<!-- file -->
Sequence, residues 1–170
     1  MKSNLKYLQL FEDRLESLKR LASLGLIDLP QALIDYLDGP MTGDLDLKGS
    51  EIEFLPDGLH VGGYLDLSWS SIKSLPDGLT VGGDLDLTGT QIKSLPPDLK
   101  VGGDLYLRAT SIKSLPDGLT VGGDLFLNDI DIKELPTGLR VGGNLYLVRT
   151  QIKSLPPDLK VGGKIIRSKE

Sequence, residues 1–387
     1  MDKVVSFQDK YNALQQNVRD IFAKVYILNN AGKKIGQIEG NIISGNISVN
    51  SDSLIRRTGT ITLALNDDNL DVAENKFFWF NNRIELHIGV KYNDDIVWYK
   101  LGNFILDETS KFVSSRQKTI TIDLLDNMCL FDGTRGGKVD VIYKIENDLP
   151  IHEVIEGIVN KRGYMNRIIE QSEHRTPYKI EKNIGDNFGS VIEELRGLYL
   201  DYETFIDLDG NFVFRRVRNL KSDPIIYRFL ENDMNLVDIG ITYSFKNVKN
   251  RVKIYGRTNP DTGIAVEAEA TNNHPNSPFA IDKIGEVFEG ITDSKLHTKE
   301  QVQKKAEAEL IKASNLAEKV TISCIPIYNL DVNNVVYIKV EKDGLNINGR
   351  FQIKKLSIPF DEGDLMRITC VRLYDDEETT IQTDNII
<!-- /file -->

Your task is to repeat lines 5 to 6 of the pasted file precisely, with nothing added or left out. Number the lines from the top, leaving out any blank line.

   151  QIKSLPPDLK VGGKIIRSKE

Sequence, residues 1–387